Impossible evolutionary steps?

Discussion in '2005 Archive' started by Phillip, Jan 16, 2005.

  1. Phillip

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    This thread is to discuss steps that I believe would be impossible for evolution to take due to intermediary steps that would not fit the evolutionary theory.

    An example: The eye-ball and associated nervous system transmission system and visual processing system (visual portion of the brain).

    Are there steps involved in coming to a complete eye-ball with auto-focusing lens system, high-dynamic range iris, clear protective fluid. Very complex and high definition detector (retina) which includes both low-level black and white sensors and color sensors that can kick in with more light. Remember that the picture is inverted on the retina and the recognition system must convert it so what we perceive as an upright and useable scene.

    The system is better and more complex than any mechanically designed video camera system.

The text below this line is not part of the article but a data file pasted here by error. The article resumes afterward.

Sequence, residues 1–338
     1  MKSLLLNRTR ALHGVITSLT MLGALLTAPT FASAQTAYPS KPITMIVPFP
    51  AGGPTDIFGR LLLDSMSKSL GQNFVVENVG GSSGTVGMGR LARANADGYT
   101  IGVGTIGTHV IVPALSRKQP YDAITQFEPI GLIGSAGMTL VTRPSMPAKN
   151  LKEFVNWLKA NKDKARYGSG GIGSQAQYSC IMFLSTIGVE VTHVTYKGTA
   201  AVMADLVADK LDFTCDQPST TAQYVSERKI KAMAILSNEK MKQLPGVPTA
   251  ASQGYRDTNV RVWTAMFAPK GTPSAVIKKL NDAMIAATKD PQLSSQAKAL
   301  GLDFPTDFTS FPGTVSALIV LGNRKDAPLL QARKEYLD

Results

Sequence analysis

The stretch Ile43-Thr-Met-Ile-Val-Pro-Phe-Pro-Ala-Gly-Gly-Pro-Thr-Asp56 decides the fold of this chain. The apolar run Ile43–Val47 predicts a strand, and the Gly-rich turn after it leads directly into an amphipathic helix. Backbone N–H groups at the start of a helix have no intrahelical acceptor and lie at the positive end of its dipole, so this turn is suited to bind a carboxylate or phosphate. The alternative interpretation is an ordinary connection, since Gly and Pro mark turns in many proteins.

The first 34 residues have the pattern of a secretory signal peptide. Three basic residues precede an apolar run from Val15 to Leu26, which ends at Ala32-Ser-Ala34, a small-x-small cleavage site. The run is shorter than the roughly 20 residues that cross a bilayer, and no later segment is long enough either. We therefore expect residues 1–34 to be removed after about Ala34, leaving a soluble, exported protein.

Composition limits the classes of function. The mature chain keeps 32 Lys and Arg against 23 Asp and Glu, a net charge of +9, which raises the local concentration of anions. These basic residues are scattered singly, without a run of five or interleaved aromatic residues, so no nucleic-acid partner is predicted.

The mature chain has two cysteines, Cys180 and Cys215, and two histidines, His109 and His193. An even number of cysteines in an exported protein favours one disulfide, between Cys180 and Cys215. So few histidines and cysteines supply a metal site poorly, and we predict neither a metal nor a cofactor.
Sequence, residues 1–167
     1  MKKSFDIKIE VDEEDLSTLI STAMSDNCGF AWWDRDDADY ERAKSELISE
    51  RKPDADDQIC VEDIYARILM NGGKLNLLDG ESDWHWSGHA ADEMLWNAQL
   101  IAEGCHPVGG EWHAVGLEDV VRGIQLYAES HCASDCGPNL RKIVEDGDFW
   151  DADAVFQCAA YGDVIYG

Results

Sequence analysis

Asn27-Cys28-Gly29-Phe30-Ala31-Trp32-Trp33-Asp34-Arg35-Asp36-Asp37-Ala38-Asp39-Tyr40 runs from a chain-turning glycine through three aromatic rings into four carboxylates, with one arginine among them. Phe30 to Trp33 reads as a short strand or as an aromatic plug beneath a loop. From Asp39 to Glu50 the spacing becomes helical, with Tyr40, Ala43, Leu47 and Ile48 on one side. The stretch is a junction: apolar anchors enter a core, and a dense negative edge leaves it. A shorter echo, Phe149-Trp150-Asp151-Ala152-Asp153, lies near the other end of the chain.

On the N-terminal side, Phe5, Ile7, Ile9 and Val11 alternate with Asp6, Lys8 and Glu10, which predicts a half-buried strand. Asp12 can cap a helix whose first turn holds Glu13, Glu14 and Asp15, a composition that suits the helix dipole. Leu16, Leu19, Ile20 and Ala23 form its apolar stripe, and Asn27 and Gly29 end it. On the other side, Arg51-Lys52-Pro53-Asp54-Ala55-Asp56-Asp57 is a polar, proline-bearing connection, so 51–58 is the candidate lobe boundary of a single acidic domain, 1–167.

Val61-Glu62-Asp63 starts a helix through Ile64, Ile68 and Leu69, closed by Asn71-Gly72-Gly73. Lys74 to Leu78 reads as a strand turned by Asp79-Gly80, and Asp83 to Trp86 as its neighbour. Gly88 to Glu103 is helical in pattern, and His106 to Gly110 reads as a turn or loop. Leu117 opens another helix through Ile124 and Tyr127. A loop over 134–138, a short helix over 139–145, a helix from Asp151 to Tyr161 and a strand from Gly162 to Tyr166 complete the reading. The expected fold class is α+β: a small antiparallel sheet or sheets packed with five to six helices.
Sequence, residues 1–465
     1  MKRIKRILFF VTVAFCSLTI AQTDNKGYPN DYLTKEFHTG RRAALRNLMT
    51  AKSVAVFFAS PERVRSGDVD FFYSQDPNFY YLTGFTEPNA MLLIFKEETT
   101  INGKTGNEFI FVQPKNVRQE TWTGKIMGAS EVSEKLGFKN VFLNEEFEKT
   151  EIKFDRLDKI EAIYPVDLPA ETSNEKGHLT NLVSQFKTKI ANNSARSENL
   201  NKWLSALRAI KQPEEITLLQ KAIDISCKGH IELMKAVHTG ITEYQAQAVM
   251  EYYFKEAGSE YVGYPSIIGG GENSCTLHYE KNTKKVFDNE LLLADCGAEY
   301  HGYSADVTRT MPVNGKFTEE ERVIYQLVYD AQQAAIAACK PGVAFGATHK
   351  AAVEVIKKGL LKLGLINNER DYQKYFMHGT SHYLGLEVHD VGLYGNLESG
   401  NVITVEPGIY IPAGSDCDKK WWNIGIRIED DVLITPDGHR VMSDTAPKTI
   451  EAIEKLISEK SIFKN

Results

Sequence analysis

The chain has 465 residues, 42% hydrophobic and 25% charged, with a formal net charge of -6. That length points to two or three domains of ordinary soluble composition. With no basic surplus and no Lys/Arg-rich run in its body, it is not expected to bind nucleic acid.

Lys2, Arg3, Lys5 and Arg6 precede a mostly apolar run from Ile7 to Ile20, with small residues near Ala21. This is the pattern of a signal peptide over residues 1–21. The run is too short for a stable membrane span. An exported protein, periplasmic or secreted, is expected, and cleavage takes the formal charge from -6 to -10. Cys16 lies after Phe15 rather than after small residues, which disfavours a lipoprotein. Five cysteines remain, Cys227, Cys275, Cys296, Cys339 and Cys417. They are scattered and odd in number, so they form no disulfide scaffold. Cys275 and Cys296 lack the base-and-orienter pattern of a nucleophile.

Let us discuss what steps would have to be taken to go from light-detection (period) and why, to a complete functional stereo video system with depth perception. Remember, every single step MUST improve the creature on which the eyes develope otherwise the mutation would not have lasted.

    This is not just to discuss the eyes it can also discuss other features whether microscopic or macroscopic.

    We who do not believe in evolution will provide these features and evolutionists may provide information as to "how" the features came to be, with each rebutting.

    Let us keep this thread specific to these features and not get into a fuss about who knows the most about the subject and also try to stick to facts that we can state and can be understood here, not to just pointing to some obscure scientific paper written by ANY scientist. There is enough knowledge here that we should be able to discuss this in understable levels.